I spotted a book named The Magic Toyshop on a paperback carousel in the library. What was such a thing doing on the shelves for grown-ups? And why did it have a dark green cover, that looked like a classic, but not the sort of classic I had ever seen before?

I picked the book up, I began to read, and what I read was extraordinary. It was like nothing I had read before and it did
Mar 30, 2016 rated it really liked it  ·  review of another edition
Angela Carter has thrust me into an uncomfortable world of orphans, incest, anger, mad uncles , suggestions of paedophilia and more. Strange though it sounds this book published in 1967 handled it all in a sensitive way.
The story begins with Melanie a 15year old girl exploring her body and her sexuality, then after the door closes fast behind her, when she goes for a midnight walk in her mother's wedding dress, ends up climbing naked up the apple tree to get back into her room.
Sep 22, 2010 rated it it was ok  ·  review of another edition
What an odd little novel! Melanie, 15, is orphaned (along with her two younger siblings), and they are all sent to live with her uncle, his wife, and the wife's two brothers. Uncle Phillip is basically an ogre. He makes toys for a living, and every now and then puts on a private puppet show for his family. These puppets are his pride and joy, and he subjects his family to bizzare, short shows with these elaborately made creatures. He is a brute: violent, rude, and altogether domineering. His ...more
Althea Ann
Having just finished Carter's 'The Bloody Chamber,' her retellings of traditional fairy tales, I thought I'd read something else by her in order to have a basis for comparison.
The Magic Toyshop is, firstly, much more horrific and disturbing than the cute cover of this edition would lead one to expect. It's full of over-the-top elements of gothic grotesquerie - I can almost imagine the author, while writing, gleefully exclaiming, "oh yes! I know what will make this Even Worse!!!" - but it's very
'I think I want to be in love with you but I don't know how.'

A darkly eccentric and Gothic coming of age story; bizarre and disturbing, repulsive and enchanting. The Magic Toyshop is a malevolent fairy tale.

Melanie is a clever, neurotic, bored, beautiful teenager. A bourgeois virgin, perhaps some of us may recognize our younger selves yearning to leave childhood behind, posing in front of mirrors, maybe even imagining ourselves as an artist's lover. (Then again, maybe not.) Following a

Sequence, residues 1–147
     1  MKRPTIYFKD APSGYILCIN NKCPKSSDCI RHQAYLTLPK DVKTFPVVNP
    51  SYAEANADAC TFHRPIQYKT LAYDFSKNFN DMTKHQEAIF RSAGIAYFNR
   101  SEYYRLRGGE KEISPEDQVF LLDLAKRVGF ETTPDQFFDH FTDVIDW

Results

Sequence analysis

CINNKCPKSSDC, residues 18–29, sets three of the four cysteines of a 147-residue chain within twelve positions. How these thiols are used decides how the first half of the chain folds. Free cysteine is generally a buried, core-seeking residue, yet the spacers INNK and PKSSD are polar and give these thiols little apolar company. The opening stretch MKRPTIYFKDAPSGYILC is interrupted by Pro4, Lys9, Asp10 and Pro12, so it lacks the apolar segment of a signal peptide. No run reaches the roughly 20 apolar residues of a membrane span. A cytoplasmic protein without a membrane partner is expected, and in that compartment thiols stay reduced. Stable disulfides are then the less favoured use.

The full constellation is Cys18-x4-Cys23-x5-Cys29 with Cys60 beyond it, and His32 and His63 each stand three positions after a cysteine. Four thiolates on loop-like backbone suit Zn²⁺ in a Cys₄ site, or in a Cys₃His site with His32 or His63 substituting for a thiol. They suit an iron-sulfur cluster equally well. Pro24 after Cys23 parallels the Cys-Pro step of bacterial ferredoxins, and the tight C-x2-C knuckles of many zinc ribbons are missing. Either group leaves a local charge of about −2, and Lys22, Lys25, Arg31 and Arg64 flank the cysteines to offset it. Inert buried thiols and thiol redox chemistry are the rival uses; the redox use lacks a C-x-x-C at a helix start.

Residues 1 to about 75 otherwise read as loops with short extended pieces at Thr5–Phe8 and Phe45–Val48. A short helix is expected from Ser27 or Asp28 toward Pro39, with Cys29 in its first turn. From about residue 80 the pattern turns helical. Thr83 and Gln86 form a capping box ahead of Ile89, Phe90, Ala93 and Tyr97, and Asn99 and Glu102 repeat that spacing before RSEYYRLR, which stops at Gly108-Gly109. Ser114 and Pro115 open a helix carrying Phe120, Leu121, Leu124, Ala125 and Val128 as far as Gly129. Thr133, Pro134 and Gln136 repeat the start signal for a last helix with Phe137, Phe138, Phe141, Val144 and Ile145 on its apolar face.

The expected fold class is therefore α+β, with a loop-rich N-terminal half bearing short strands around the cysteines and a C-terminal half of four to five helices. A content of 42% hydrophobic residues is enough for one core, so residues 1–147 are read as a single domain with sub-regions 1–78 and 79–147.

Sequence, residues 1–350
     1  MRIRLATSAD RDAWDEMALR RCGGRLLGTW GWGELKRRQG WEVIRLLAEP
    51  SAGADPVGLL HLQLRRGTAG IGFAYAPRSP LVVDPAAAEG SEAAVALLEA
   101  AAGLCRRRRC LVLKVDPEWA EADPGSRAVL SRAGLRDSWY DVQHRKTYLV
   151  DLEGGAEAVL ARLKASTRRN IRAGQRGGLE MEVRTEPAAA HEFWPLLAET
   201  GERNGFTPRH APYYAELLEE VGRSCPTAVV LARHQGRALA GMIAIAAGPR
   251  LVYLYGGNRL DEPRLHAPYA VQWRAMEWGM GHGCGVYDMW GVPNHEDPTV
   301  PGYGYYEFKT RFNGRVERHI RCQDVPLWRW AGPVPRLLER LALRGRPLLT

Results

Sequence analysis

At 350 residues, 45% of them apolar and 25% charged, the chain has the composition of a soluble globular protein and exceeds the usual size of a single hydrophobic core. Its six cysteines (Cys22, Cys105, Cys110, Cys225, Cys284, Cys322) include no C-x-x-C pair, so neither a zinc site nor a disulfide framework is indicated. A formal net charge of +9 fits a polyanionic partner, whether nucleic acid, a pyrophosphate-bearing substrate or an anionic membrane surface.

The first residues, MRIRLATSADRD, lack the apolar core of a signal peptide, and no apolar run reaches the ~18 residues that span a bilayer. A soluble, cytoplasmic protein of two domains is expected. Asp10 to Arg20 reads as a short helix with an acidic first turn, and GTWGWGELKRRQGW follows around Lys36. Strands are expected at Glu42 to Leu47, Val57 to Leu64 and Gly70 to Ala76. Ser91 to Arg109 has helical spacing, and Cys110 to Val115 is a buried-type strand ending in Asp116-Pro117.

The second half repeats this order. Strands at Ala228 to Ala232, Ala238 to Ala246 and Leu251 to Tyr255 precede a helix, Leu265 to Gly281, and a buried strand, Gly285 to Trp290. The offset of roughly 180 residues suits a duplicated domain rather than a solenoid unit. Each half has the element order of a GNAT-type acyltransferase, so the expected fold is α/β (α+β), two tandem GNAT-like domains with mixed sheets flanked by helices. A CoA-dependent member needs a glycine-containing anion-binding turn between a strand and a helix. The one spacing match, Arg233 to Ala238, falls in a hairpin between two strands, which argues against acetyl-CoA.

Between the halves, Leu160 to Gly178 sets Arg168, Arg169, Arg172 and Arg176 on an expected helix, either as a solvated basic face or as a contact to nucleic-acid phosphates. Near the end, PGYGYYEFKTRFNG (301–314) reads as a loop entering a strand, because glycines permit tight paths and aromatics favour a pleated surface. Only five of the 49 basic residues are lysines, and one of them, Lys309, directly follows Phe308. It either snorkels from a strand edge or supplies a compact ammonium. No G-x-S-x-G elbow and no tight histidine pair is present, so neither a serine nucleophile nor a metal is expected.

Kayleigh Kehoe ♡

She was too young, too soft and new, to come to terms with these wild beings whose minds veered at crazy angles from the short, straight, smooth lines of her own experience.

The Magic Toyshop by Angela Carter is a poignant, enthrallingly dark piece consisting of adjective and metaphorical heaven.

The narrative is beautiful. Which makes the story all the more shocking. The storyline follows a curiously gross structure
Aug 06, 2015 rated it it was ok  ·  review of another edition
Shelves: magical-realism
For some reason this book couldn't keep my attention very well and actually made me groggy. Apart from that this is foremost a story about a trio of siblings whose parents die and have to move in with an estranged uncle and his strange family. Nothing in this book is beautiful or happy. There's domestic violence and poverty and general uncleanliness. Not sure why this is titled The Magic Toyshop as nothing is magical and the toy shop is where much of the trouble happens. It had a weird abrupt ...more
Leah Craig
Feb 16, 2017 rated it really liked it  ·  review of another edition
This review has been hidden because it contains spoilers. To view it, click here.
Nate D
Dec 10, 2012 rated it liked it  ·  review of another edition
Recommended to Nate D by: Maya
The simple fairy-tale / literature-of-orphans-and-misfortune (and lots of overlap there) surface of this story seems to conceal a high level of thematic deftness and intricacy, seemingly built around a series of simulacra. And where will it all go?


Later: somewhere slightly else, maybe, but the complex underlyings are pretty fascinating. Identity and self, as external from the self, in objects and more importantly, in others. But constructed with a deftness and overriding narative coherency
Oct 19, 2013 rated it it was amazing  ·  review of another edition
Shelves: 2013
I used to have this fallacy that I like Angela Carter only with my brain I used to think that she was a writer whose works provided the perfect pretext for any enthusiastic English major student to talk about symbols, metaphors, intertextuality and all kinds of gender-stuff. I really liked both of her books I read so far (this one, which I first read during my university years as compulsory reading, and The Bloody Chamber, which I read a couple of years later, just because I wanted to read it), ...more
Jul 02, 2015 rated it really liked it  ·  review of another edition
i think the first time i read the magic toyshop, i was too young, younger than melanie and easily overwhelmed by the cloying, claustrophobic fear of a too-small world governed by a vast, fleshy puppet-master. then i found it compelling, but deeply confusing and vaguely repulsive. i still do.